If you are now desirous of more perfectly understanding Supreme Enlightenment, you must learn to answer spontaneously and with no recourse to discriminate thinking. For the Tathagatas (the passers-through) in the ten quarters of the universes, because of the straight-forwardness of their minds and the spontaneity of their mentations, have ever remained, from beginningless time to endless time, of one pure Suchness with the enlightening nature of pure Mind Essence.
Then Kerouac continues:
... which is pretty strange old news. You can also find pretty much the same thing in Mark 13:11. "Take no thought beforehand what ye shall speak, neither do you premeditate: but whatsoever shall be given to you in that hour, that speak ye: for it is not ye that speak but the Holy Ghost!" Mozart and Blake often felt they weren't pushing their own pens it was the "Muse" singing and pushing.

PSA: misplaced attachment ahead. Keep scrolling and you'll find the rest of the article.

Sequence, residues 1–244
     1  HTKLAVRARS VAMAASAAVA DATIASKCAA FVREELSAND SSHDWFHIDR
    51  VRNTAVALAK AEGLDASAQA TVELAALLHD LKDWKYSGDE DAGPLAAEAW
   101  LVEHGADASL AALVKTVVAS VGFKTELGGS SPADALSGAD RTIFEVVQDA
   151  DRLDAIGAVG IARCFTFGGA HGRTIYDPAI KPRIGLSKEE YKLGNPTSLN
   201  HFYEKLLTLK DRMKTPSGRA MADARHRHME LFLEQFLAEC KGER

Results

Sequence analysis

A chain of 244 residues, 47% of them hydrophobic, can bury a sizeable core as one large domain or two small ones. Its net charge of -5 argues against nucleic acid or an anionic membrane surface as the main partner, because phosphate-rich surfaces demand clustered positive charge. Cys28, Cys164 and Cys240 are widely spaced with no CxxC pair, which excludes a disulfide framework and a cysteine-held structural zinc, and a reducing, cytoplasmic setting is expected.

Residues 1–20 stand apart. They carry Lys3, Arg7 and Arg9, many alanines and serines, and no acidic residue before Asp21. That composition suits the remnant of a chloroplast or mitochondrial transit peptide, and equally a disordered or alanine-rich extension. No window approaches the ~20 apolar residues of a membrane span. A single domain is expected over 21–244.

In another sense spontaneous, or ad lib, artistic writing imitates as best it can the flow of the mind as it moves in its space-time continuum, in this sense, it may really be called Space Age Prose someday because when astronauts are flowing through space and time they too have no chance to stop and reconsider and go back. It may be they won't be reading anything else but spontaneous writing when they do get out there, the science of the language to fit their science of movement ...
To break through the barrier of language with WORDS, you have to be in orbit around your mind, and I may go up again if I regain my strength. It may sound vain but I've been wrestling with this angelic problem with at least as much discipline as Jacob.
Adapted for Tricycle by Allen Ginsberg from an essay in Un Homme Grand: Jack Kerouac á la Confluence des Cultures (Carleton University Press, 1990), edited by Pierre Anctil. Interpretations of Buddhadharma are modelled after expositions by Chogyam Trungpa Rinpoche in Cutting Through Spiritual Materialism (Shambhala Publications, 1972) and other discourses. The translation of Prajnaparamita Sutra is adapted by the author and Gelek Rinpoche from Shunryu Suzuki Roshi's.
Images 1, 2, 3: © Allen Ginsberg.